ESTEVAN, Saskatchewan — According to www.estevanmercury.ca, Rock-N-Wash purchased a lot on Nesbitt Dr. in 2013 with the intention of building a multi-bay, eco-friendly carwash.
However, the property was never developed, and the owners, Darryl Mack and Sylvain Blouin, came to the city council for assistance.
In a letter to the council, Blouin wrote that the lots adjacent to their property in the Glen Peterson Industrial Park are currently selling for $1 CAD, while they paid $590,105 CAD (plus goods and services taxes (GST)) for their lot.
“The lenders/underwriters are no longer considering our $590,105 plus GST as equity into the project, as they know the asset is not worth that kind of value on the market, with similar lots selling for $1 adjacent to our property,” said Blouin.
Their lot has been given a taxable value of $843,7000 CAD since 2017, resulting in annual taxes in excess of $17,200 CAD, which Blouin said is unjustifiable considering the economic downturn, a wide 10-meter easement in the middle of the property and the available lots for $1 CAD.
The easement reduces the value of the property and increases the construction cost.
Blouin asked for a tax abatement on the property retroactive to 2018, since the $843,700 CAD valuation was “unrealistic,” given the circumstances.
In addition, since they did not start construction within the 180 days outline in an enclosed purchase agreement, they requested a return of the balance of the purchase price.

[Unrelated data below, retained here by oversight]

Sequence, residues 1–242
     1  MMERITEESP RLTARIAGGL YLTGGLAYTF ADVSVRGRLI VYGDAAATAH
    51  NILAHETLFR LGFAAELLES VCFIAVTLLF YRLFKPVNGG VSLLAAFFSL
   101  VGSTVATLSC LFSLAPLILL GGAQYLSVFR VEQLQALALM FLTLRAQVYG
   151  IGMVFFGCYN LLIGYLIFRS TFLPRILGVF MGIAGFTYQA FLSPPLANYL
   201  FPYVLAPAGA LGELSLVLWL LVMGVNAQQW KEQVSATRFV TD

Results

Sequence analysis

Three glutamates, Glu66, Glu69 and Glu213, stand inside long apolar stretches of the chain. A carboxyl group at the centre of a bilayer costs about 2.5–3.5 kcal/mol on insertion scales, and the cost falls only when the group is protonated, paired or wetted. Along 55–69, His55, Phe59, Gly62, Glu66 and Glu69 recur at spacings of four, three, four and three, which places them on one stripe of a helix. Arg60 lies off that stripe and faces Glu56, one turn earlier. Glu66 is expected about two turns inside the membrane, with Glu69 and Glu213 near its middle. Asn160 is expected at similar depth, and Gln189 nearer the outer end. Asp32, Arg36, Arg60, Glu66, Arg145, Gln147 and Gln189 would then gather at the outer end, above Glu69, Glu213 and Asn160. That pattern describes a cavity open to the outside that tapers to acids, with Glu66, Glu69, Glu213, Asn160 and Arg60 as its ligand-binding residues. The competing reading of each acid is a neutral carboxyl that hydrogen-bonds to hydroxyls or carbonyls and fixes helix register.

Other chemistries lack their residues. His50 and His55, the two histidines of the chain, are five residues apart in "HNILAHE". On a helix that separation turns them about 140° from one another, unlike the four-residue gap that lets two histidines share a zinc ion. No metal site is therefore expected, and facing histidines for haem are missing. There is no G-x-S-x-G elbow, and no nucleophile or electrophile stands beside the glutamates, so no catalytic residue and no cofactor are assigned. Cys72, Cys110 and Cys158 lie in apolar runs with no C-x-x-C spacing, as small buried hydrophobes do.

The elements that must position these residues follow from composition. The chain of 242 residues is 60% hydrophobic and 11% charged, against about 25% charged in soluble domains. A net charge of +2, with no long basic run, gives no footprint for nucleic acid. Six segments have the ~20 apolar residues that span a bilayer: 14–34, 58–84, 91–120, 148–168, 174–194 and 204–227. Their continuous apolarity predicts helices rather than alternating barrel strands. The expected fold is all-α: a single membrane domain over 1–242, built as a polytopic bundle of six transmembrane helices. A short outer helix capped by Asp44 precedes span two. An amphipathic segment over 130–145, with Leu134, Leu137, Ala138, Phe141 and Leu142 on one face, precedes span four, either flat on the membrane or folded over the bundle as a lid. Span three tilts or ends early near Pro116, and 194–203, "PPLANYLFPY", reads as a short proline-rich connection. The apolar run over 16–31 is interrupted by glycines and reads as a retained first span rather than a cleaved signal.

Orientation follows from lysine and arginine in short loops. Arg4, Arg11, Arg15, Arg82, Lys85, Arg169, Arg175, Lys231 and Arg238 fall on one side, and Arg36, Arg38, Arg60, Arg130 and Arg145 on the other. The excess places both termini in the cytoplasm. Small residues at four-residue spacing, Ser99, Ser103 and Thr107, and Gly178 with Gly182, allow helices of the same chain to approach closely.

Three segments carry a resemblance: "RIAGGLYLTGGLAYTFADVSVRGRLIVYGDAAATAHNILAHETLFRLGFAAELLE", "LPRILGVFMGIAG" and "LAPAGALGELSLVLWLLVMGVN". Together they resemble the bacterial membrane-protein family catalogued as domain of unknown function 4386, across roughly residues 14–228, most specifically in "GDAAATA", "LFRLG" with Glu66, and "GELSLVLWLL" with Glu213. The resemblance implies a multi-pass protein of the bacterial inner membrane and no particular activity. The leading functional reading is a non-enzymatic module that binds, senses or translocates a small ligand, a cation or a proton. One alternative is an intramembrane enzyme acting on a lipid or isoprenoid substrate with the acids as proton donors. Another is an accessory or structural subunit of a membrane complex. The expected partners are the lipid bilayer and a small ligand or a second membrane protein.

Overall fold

“We would purchase the lot back from the city for $1 and leverage the remaining capital as equity towards construction,” Blouin wrote.
Blouin admitted they could have asked for a refund in 2014 or 2015, but instead the owners tried to find investors for the project.
Furthermore, Blouin is not angry at the city selling the lots for $1 CAD; rather, he applauds it for thinking creatively to bring business to the city.
“We are dealing with a very abnormal situation here. The fact that we bought from the city — the city back then was not selling the lots for a dollar, obviously. We’re not dealing with the same economic fundamentals back then that we are now,” said Blouin.
Blouin told the council they have had to scale back their original plans for the wash, which called for a $7 million CAD facility with an automatic truck wash and 16 bays; now, they are looking to have a $2 million CAD project with 10 bays and one truck bay — possibly adding a second if the economy improves.
Blouin noted that they still wanted to pursue the project, which would be eco-friendly with water recycling and net-zero electrical consumption, but at this point, they only had two options: go bankrupt or work with the city council to find a solution.
The council tabled the request and will have the Rock-N-Wash representatives work with the economic development division and committee to come to an agreeable solution.
Read the original article here.